Machli, the queen of Ranthambore, dies at 19

Machli, the queen of Ranthambore, dies at 19

Machli, the queen of Ranthambore, dies at 19

Machli, the longest surviving tigress in the wild, died on Thursday after being critically ill for more than a week.

Often touted as the ‘Queen of Ranthambore’, the 19-year-old tigress, T-16, was hardly moving or eating during the last few days. According to the post mortem report, her death was natural.

DH had reported earlier that Machli is getting weaker with each passing day and might breathe her last anytime soon, based on the assessment of doctors treating her.

Machli had abandoned her territory and shifted to 'farm land of a private lounge', next to the sanctuary, where she breathed her last on Thursday morning at 9:52 am. A team of veterinarians and forest officials were “monitoring” her condition for the past week.  Her carcass was cremated at Amagathi checkpost on the periphery of Ranthambore reserve.

Her death cast a pall of gloom among wildlife lovers and activists. Her popularity can truly be seen on her Facebook page put together by her fans, as it was flooded with sad messages within hours of her death.

Where an average tiger’s life expectancy is between 10 and 13 years, Machli set another record by outliving the number and exceeding it by six years. Machli turned 19 years old in June 2016.

Doctors had given up on her as she was not found fit for capture through chemical immobilisation. Sudarshan Sharma, Divisional Forest Officer, who is camping in the reserve with his team, told Deccan Herald, "The condition of Machli was bad for the last few days. A team of doctors and staff declared her dead on Thursday morning after no movement was recorded from her side."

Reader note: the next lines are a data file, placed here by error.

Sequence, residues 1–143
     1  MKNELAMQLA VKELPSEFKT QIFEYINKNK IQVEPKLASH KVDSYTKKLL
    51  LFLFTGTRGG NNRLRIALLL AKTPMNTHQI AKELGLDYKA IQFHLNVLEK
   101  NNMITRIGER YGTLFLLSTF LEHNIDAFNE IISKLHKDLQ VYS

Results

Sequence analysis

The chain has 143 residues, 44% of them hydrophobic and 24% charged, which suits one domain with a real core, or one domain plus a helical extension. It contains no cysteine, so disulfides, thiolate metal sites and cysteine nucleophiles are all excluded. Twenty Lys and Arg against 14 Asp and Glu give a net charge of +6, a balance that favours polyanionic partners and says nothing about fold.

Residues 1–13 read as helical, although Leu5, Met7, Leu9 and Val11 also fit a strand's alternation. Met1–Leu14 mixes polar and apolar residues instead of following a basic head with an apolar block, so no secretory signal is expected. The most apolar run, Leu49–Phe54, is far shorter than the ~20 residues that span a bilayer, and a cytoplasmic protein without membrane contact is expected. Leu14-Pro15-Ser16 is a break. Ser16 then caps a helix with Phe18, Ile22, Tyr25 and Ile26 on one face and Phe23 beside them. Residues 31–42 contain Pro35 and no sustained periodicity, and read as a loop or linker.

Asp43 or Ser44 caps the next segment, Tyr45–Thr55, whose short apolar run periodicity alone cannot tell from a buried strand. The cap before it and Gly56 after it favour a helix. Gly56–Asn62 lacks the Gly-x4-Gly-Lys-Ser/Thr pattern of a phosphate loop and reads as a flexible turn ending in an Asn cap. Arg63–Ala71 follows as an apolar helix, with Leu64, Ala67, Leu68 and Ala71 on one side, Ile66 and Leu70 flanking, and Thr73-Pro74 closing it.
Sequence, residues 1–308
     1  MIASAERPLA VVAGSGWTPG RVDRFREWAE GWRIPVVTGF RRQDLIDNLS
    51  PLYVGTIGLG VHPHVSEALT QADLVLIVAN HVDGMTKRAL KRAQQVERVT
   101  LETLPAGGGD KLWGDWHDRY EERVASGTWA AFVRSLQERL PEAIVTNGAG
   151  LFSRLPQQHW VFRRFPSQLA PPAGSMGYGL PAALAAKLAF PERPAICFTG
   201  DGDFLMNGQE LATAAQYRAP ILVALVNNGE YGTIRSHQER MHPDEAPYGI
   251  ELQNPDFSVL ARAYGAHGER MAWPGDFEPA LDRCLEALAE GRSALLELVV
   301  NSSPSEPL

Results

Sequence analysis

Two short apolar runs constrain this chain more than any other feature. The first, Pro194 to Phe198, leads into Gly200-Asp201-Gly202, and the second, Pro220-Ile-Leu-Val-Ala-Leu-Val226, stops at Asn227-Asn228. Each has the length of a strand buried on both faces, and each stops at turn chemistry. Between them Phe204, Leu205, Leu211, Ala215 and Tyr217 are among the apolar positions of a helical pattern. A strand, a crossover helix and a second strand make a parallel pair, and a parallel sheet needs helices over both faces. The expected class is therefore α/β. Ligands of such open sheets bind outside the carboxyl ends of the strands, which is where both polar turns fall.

The tigress, who reportedly gave birth to eleven tiger cubs in her lifetime, was confined to a small section of the Ranthambore park during her last few days.

Also known as 'Queen of the Lake', Machli  was finding it difficult to hunt for food and often foresters had to tie a bait as feed. Having got used to feeding on the meat served by forest staff, and wary of other tigers in the reserve, Machli preferred a secluded area.

Balendu Singh, a noted wildlife activist said, "Machli was truly a Queen of the Reserve, which she dominated for 19 years. Tourists and photographers will miss her. She was the most photographed tigress of the reserve." Many documentaries and short films have been made on her and owing to her popularity, she also won the TOFT Lifetime Achievement Award.

Three years ago, in 2013, a commemorative postal cover on the tigress and a stamp were  released by the government. The tigress that once reigned over a large portion of the reserve for over a decade and stood her ground against muscular hunks, had turned toothless in a royal battle she won with a  14-foot-long crocodile to protect her cubs.

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